GPU acceleration

If you have code or use libraries that are GPU accelerated, you can attach the first available GPU to your function by passing the gpu="any" argument to the @stub.function decorator:

import modal

stub = modal.Stub()

@stub.function(gpu="any")
def my_function():
    # code here will be executed on a machine with an available GPU
    ...

Specifying GPU type

When gpu="any" is specified, your function runs in a container with access to a supported GPU. Currently there are Nvidia Tesla T4 and A10G instances. If you need more control, you can pick a specific GPU type by changing this argument.

@stub.function(gpu="T4")
def my_t4_function():
    ...

@stub.function(gpu="A10G")
def my_a10g_function():
    ...

Using A100 GPUs (alpha)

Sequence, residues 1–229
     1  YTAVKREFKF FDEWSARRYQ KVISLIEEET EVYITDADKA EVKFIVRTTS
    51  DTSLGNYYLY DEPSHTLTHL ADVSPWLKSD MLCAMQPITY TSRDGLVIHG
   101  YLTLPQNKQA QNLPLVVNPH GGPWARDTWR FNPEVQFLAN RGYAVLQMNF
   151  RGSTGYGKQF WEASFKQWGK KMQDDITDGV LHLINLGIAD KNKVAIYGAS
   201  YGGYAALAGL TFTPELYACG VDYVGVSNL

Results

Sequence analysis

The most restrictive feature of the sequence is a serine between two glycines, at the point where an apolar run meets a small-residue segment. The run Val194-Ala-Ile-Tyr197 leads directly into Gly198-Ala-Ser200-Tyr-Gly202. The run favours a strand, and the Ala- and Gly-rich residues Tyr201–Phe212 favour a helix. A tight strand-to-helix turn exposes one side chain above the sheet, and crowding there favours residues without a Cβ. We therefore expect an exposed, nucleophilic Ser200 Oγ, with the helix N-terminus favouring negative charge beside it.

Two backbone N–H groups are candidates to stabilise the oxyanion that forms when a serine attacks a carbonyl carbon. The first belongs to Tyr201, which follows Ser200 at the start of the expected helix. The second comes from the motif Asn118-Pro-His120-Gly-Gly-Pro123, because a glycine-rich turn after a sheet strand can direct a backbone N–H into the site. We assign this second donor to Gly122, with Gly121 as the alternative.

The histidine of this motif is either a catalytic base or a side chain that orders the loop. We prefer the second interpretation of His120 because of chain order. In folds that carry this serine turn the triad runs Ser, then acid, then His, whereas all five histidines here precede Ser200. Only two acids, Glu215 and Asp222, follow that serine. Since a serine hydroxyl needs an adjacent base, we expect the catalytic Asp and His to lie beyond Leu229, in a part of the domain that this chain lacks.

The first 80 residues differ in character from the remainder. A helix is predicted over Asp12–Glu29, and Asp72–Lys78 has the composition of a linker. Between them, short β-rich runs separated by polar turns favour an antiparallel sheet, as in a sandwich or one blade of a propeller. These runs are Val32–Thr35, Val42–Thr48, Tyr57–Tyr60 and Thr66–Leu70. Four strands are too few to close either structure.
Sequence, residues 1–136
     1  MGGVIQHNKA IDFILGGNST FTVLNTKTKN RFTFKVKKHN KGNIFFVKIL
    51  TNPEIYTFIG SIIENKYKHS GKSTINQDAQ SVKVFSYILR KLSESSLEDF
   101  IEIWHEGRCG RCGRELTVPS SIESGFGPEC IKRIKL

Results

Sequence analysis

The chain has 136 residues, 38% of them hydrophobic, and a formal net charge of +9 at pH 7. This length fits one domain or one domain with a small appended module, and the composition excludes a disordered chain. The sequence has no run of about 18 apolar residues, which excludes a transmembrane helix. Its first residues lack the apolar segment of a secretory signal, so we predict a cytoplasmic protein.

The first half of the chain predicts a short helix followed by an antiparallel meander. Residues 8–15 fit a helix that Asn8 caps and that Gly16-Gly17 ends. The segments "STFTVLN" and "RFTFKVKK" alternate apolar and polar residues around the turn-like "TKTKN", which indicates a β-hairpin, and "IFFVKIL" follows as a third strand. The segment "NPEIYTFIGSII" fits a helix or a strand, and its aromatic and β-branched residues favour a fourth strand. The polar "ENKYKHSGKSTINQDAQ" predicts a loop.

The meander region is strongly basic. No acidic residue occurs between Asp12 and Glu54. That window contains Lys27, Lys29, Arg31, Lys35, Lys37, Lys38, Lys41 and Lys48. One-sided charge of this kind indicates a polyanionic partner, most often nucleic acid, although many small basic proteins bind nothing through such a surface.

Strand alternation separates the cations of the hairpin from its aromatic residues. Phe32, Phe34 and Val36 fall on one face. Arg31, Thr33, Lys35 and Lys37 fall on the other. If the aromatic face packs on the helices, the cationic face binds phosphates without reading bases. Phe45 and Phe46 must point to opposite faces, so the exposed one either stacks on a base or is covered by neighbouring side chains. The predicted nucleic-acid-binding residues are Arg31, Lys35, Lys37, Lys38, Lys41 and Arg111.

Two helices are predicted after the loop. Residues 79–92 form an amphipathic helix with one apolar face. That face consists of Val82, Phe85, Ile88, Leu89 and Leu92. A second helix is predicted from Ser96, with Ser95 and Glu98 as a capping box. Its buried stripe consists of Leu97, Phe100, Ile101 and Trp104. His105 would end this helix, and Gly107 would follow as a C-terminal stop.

Modal also has experimental support for A100 GPUs, which are NVIDIA’s flagship data center chip. They have beefier hardware and more GPU memory. However, while in the limited availability phase, you may run into larger queue times to get access to them.

To request this GPU type for running your jobs, replace the gpu="any" argument with gpu="A100":

@stub.function(gpu="A100")
def my_a100_function():
    ...

In addition to longer queue times, there are limitations:

  • Modal A100 workers currently run on a separate cloud provider vs the rest of Modal’s infrastructure. This means that the first time you start up an image with an A100 GPU, there will be an additional latency cost as we transfer files between cloud providers. However, subsequent runs for that image (including cold starts) will be just as fast as any other Modal function.
  • These functions run on pre-emptible (“spot”) instances, which means that there is a small chance your function can be interrupted. If this happens, in-progress inputs will be rescheduled.

We’re actively working on removing all of these constraints, so stay tuned!

Examples

Take a look at some of our examples that use GPUs: